- Tom Haukaas, Lakota, American, 1950-
- Born: Florida
- Work Locations: Florida
About the Artist
Born in 1950 and raised in Florida, Tom Haukaas is a contemporary artist of Lakota and Puerto Rican heritage. In addition to being an artist, he trained as a medical doctor.
Haukaas did not have formal art training, but he grew up admiring his Lakota grandmother’s beadwork. He traces the beginning of his education in Native arts to his attempt to make his own traditional attire when he wanted to learn Sioux dances.
What Inspired It
While studying medicine at the University of Colorado-Denver, Haukaas made many trips to the American Indian galleries at the Denver Art Museum and took a course with the museum’s curator of Native arts at the time, Richard Conn. Cradle was made specifically for the Museum’s collection and grew out of discussions Haukaas had with Conn about the nature of contemporary art and its relationship to Native arts. Haukaas was especially intrigued by the work of Frank Stella, an artist who created sculptural paintings on aluminum in the 1970s, and he applied this concept when creating Cradle, using beads instead of paint. Haukaas calls the cradle an opportunity to explore the “false dichotomy between sculpture and painting.”
The cradle form is traditional among Plains Indians but lost popularity during the last century as Indians assimilated to white culture. Haukaas found Lakota elders to show him how to construct Cradle. The beadwork images tell the Lakota creation story, as described in the "Details" section.
Haukaas used extraordinarily small seed beads to decorate this cradle. Seed beads were introduced to Plains artists around 1855 and offered a larger variety of colors than previously available, which led to the development of new styles of beadwork.
By “painting” the cradle on all sides with beads, Haukaas blurs the line between sculpture and painting. He thinks of the cradle as a soft sculpture meant to be displayed in the round and seen from all sides.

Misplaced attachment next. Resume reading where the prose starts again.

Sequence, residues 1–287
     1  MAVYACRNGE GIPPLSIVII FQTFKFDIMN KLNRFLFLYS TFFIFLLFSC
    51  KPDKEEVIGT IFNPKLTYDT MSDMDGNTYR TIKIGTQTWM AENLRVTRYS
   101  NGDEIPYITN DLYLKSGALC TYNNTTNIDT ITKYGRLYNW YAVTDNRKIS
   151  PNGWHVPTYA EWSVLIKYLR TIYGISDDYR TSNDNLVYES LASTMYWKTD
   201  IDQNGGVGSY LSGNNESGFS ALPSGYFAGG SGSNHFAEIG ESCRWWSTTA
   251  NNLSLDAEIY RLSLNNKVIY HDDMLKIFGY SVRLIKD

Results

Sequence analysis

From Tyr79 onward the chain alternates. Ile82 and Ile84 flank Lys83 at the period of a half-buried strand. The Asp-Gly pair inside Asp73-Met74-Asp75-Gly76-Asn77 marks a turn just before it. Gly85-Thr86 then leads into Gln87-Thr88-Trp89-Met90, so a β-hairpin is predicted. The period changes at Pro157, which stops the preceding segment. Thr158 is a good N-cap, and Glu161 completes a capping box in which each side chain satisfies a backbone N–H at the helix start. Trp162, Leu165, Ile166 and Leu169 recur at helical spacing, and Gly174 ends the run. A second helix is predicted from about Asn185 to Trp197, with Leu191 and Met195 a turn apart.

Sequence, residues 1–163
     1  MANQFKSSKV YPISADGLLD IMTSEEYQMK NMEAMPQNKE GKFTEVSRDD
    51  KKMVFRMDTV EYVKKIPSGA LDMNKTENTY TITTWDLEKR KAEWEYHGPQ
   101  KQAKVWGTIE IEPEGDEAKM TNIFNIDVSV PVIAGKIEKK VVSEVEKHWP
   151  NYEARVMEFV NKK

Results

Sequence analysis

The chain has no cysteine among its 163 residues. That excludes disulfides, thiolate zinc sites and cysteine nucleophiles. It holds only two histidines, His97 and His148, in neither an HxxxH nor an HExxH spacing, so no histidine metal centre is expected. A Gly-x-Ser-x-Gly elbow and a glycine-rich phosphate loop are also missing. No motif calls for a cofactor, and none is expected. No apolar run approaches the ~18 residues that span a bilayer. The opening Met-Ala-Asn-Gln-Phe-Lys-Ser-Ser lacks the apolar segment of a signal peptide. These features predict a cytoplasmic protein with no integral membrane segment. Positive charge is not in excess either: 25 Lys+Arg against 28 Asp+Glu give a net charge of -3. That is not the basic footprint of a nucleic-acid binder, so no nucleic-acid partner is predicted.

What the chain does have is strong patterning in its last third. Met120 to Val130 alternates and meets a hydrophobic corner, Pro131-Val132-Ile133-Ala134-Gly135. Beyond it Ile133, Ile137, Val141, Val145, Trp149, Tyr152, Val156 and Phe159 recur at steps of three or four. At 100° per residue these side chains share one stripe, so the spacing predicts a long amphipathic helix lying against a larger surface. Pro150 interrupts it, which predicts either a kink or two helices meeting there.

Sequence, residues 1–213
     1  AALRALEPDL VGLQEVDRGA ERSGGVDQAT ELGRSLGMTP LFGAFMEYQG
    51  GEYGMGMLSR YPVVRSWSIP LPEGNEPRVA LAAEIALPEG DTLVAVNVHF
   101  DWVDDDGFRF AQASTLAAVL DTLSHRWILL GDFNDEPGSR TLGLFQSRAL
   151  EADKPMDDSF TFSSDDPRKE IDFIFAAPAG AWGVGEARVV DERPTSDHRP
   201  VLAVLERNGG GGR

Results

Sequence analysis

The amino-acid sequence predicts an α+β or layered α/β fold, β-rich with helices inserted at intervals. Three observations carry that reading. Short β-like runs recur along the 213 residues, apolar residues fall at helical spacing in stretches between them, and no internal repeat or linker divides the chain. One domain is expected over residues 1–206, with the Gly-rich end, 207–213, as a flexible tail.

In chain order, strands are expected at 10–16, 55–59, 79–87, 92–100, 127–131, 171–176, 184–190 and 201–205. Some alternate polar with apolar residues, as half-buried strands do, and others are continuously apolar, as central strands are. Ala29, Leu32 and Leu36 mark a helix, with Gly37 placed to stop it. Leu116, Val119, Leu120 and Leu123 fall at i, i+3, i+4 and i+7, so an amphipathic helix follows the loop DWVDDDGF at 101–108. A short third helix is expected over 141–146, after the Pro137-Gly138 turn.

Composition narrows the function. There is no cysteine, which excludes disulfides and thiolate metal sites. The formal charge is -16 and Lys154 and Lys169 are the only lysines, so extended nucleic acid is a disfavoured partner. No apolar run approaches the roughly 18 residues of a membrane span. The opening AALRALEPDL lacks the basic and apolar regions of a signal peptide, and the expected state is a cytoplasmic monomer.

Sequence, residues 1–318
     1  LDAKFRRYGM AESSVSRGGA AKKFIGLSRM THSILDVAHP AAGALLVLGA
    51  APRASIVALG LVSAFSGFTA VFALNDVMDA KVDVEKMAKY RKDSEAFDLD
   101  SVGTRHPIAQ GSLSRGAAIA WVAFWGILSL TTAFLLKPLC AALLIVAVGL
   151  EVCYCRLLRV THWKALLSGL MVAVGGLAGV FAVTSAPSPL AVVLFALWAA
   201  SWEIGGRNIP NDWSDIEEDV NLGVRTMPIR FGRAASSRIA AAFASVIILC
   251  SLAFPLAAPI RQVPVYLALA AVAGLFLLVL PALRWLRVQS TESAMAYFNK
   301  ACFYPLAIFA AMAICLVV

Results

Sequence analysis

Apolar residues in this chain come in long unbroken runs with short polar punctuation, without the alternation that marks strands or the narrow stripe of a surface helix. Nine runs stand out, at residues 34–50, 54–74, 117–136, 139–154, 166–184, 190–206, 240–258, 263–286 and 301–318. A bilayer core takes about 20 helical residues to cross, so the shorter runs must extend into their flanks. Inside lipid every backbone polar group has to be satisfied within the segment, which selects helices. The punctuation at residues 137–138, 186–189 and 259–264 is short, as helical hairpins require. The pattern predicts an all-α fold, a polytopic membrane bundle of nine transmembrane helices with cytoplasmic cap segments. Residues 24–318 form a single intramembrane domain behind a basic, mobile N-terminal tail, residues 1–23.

The six stars on the front of the cradle help balance the light color of the hood and the dark color of the body. The animals on the hood (horses and birds) are arranged symmetrically on either side of the central human figure and the celestial bodies (moon, sun, and morning star) are also symmetrically placed.
“The design [for this cradle] is our creation story, when we are transformed into a human body after leaving behind a sacred place, time, and form,” Haukaas said (to Nancy Blomberg, Curator of Native Arts, DAM). In the Lakota creation story, the Buffalo Nation, or Pte Oyate, lived inside caves in South Dakota’s Black Hills until Iktomi the spider fooled them into coming to the surface world. As they ascended they assumed human form.
Haukaas illustrates this story moving from the back to the front of Cradle.
The back of the cradle shows the Buffalo Nation (represented by two buffalo figures) living inside the caves of the Black Hills, as well as figures making the buffalo-to-human transformation.
On the hood of Cradle, a human, flanked by two horses, emerges from the Black Hills. Above this figure are the sun, moon, and morning star—the three celestial bodies that “lord over” this world.
Haukaas uses an old geometric symbol for Iktomi, the trickster spider, on the top tab.
The buffalo-to-human transformation figures are Haukaas’s own invention. With no Lakota precedent to draw on, he looked at examples from other cultures, including ancient Greece. People should know that American Indian artists draw inspiration from many different cultures, Haukaas once said.
As part of his research, Haukaas discovered that some Lakota believe that Anog-ite, or Double-faced Woman, was involved in the creation of the Lakota people. Although this is not a predominant viewpoint, Haukaas includes his own invented rendition of Anog-ite in Cradle. He incorporates it in a place hidden from view (on the underside of the tab at the top of the Cradle) so that the figure is present but also symbolically removed from the main story.